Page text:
In the last few weeks, there has been news that the property located at 22325 Barton Road that housed the senior residents of Vista Blue Mountain has been sold. According to The Registry, a publication for real estate news for all Southern California, the property sold for $12 million, about $136,363 per unit.
The staff, residents, and families, of residents were informed that they had 60 days to depart from the premises to make way for what’s coming in.
Last Wednesday, Mayor Bill Hussey, along with City Manager Konrad Bolowich, sat down with the buyers of the property to get some answers to the questions that have been weighing heavily on the minds of those within the community.
The facility, once housing for Senior Assisted Living, will be used as an Adult Residential Facility, another form of assisted living, commonly known as an ARF.
“Adult Residential Facilities (ARFs) are non–medical facilities that provide room, meals, housekeeping, supervision, storage and distribution of medication, and. personal care assistance with basic activities like hygiene, dressing, eating, bathing and transferring.”
Betty Dominici, CEO and Co-Founder of Alamo Health Management, opened with, “We are an ARF, and we help people with disabilities and a little bit of mental health issues that they have. We help Veterans, a lot of our clients are veterans. We help those who need help just to get back on their feet. Our clients will come to us, and we will assess them. A lot of them will go to a city college, we will help them find a job, we help them make sure they have a social security number; we make sure they know how to dress for an interview… It's really learning life skills. If you think of somebody that maybe was unhoused or maybe was in a system because of a mental illness, but they are ready now to live a productive life, they almost need a program to make sure they have those life skills again, and that's really what's missing in our society. This is the reason why the state and the counties really support us because there are no such programs out there right now.”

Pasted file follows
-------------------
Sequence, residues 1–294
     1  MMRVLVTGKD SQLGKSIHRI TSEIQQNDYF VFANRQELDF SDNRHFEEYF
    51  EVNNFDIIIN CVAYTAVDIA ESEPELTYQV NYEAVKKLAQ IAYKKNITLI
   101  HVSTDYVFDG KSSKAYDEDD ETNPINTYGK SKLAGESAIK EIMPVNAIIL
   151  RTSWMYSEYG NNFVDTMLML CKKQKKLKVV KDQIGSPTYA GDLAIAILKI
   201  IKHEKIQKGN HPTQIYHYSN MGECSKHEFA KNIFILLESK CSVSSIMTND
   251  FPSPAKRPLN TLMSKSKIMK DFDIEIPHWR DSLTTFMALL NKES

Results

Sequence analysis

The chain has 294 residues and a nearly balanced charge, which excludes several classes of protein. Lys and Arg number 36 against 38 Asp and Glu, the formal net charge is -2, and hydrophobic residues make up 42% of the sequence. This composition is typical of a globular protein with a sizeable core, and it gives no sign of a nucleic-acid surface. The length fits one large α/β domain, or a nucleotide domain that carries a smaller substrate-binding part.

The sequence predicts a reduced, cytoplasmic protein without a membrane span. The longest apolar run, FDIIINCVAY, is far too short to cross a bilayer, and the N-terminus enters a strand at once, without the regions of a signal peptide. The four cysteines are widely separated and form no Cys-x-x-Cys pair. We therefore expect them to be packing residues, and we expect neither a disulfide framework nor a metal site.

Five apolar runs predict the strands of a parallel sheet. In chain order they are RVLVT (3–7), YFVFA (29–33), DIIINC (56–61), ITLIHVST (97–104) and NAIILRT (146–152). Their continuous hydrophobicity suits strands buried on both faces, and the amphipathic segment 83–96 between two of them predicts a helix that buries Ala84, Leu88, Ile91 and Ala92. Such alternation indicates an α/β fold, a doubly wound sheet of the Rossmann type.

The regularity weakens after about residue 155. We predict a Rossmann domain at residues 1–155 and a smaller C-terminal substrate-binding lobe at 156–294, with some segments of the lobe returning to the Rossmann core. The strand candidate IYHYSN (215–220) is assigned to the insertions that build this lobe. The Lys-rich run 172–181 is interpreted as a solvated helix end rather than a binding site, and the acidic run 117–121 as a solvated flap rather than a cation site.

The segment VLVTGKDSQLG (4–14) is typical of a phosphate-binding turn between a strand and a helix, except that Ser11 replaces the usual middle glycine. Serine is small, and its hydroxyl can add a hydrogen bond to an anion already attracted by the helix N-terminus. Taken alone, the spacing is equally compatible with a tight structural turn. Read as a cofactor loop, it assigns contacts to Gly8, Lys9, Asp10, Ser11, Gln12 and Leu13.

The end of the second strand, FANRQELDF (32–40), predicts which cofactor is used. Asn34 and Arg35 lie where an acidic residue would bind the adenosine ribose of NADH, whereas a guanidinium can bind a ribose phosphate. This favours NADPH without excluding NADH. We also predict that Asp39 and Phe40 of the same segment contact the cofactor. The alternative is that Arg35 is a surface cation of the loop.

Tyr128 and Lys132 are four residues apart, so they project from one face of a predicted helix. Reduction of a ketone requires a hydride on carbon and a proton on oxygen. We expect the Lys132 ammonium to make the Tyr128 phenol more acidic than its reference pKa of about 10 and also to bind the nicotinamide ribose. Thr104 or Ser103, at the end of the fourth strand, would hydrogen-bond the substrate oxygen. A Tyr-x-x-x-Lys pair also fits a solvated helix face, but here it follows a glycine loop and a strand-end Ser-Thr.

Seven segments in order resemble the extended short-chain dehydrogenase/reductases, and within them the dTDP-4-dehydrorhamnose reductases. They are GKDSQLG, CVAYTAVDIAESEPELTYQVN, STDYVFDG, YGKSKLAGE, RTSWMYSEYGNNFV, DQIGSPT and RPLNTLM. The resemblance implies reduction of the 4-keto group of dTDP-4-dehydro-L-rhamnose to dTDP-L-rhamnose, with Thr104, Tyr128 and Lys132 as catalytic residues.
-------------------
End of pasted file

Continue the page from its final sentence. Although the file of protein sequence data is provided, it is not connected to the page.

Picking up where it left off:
Betty continued, “Let’s say you're in a hospital, your medications are getting regulated, and then your kind of thrown out on the street or you get to go home with no supportive services, and that's why you have many people that are unhoused, and that's what we do. As I said, a lot of our clients are VA clients that really don't have anywhere else to go. A lot of people that maybe were in a system haven't been to a job interview in five, six, ten years. They must relearn that. They must relearn hygiene, how to present themselves, and those are all the things that we teach in our program. And we've been very successful where we are. Our discharge is amazing. Our clients go home with family, they go to their own apartments, we make sure they go back to the county of origin… We are just really excited about bringing this to this area because it’s a program that really needed and I think people don’t see it for what it is.”
Betty said securely, “We don't have armed security, this is an open community. People can come and go as they please. These are not criminals or anything like that... When it comes to sexual offenders’ rumors, we don’t take those. We are very strict when it comes to certain felonies… These are just people that kind of have been forgotten about.”